To further confirm whether the activation of CB2R mediated the protective effect of pirfenidone on BLM-induced IPF, human embryonic lung fibroblast WI38 cells were incubated with BALF from BLM-treated mice. Increasing concentrations of pirfenidone (0, 100, 200, 400, 600, and 800 µg/ml) were added to the culture medium for 24, 48 or 72 h. The MTT assay was used to assess the effects of pirfenidone on the growth kinetics of BALF-treated WI38 cells. Pirfenidone reduced BALF-treated WI38 cell viability in a time- and concentration-dependent manner (Fig. 4A). In addition, to establish the role of pirfenidone in CB2R expression in BLM-induced mice pulmonary fibrosis, pirfenidone (200 µg/ml) was added to BALF-treated WI38 cells. As shown in Fig. 4B and C, administration of 200 µg/ml pirfenidone to BALF-treated WI38 cells for 48 h significantly increased the protein and mRNA levels of CB2R compared with the untreated control group. This effect was reversed by the CB2R antagonist SR144528. In addition, compared with the untreated control group, pirfenidone significantly decreased the viability of WI38 cells, which was reversed by the CB2R antagonist SR144528 (Fig. 4D and E). Furthermore, WI38 cells treated with pirfenidone secreted less TNF-α, IL-1β and IL-6 than untreated control cells. The anti-inflammatory effect of pirfenidone could also be reversed by the CB2R antagonist SR144528 (Fig. 4F-H). The effects of pirfenidone on BALF-treated WI38 cells were similar to those caused by the CB2R-selective agonist JWH-015 (Fig. 4B-H).

Discussion

The clinical efficacy and safety of pirfenidone in patients with IPF have been demonstrated in several multinational, randomized, double-blind, placebo-controlled, phase 3 clinical trials, and the cumulative data were summarized in a recent study by Lancaster et al (23). The present results demonstrated that pirfenidone attenuated BLM-induced IPF in mice, which is consistent with the results of previous studies (24,25). In addition, pirfenidone could activate CB2R in mice with BLM-induced IPF.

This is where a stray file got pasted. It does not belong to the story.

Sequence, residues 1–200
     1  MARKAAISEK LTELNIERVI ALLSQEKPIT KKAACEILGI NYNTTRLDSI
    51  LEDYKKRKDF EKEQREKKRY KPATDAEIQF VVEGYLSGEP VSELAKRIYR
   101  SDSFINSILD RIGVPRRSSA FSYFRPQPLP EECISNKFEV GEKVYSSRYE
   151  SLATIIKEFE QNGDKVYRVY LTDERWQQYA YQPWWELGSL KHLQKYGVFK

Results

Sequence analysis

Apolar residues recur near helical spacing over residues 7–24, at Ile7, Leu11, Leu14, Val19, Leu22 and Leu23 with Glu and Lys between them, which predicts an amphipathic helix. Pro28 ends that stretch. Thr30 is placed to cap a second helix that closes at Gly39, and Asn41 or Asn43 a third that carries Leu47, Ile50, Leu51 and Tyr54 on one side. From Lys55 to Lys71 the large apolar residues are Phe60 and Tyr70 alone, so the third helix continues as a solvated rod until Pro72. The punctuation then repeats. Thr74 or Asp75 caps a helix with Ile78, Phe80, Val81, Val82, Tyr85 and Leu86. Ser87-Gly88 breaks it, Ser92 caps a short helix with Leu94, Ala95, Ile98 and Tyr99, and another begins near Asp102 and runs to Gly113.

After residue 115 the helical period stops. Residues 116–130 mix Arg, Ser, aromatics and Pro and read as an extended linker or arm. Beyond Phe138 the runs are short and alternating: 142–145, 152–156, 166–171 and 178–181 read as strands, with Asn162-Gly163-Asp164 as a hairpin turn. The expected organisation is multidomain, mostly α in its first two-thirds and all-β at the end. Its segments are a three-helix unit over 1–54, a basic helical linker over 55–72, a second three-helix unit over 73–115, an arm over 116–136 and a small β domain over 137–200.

IPF is defined as a specific form of chronic progressive lung disease attributed to multiple factors associated with inflammation, oxidative stress and accumulation of fibroblasts/myofibroblasts, leading to abnormal deposition of extracellular collagen (26), where a single pharmacological intervention often fails to incur a multifaceted protective role (27). The results of the current study revealed that pirfenidone could attenuate, but not completely reverse, BLM-induced pulmonary fibrosis, which was consistent with a previous study (24).

Organ fibrosis is the result of excessive and irreversible deposition of ECM, particularly collagen. Cytokines are centrally engaged in maintaining the homeostatic balance of the ECM, and the recruitment and release of inflammatory cytokines can stimulate the proliferation of fibroblasts and the synthesis of ECM (28). A previous study has reported that the levels of IL-1β and IL-6 were upregulated in BALF in BLM-induced lung fibrosis in vivo (29). In addition, BLM administration stimulated the mRNA expression of profibrotic cytokines IL-13 and IL-4, and the alternatively activated macrophages (M2) markers including, arginase 1, resistin-like a, C-C motif chemokine (Ccl)17 and Ccl24 in cells collected from BALF in a BLM-induced lung fibrosis mouse model (30). The expression of IL-6, IL-8, TNF-α and TGF-β was upregulated in BLM-treated rat lung tissues (31). These results indicated that the expression of inflammatory cytokines and fibrogenic mediators was significantly elevated in BALF in BLM-induced lung fibrosis. Previous studies have reported that IL-6 has pro-fibrotic effects both in vitro and in vivo, and that the inhibition of IL-6 could attenuate PF in animal models through the STAT3 signaling pathway (32,33). IL-1β has an indirect pro-fibrotic effect in silica-induced lung fibrosis in C57BL/6 mice or in fibroblasts (3436). TNF-α is a pro-inflammatory cytokine, which can cause fibrosing alveolitis in mice (37). A previous study has reported that TGF-β1 could induce proliferation of WI38 fibroblasts (38). Therefore, in the current study, WI38 cells were incubated with BALF from BLM-treated mice to induce fibrosis in vitro. The results of the present study demonstrated that the administration of pirfenidone significantly decreased the levels of pro-inflammatory cytokines and mRNA levels of type I collagen in mice with BLM-induced IPF. These results indicated that the antifibrotic effect of pirfenidone may be partly mediated by anti-inflammatory mechanisms.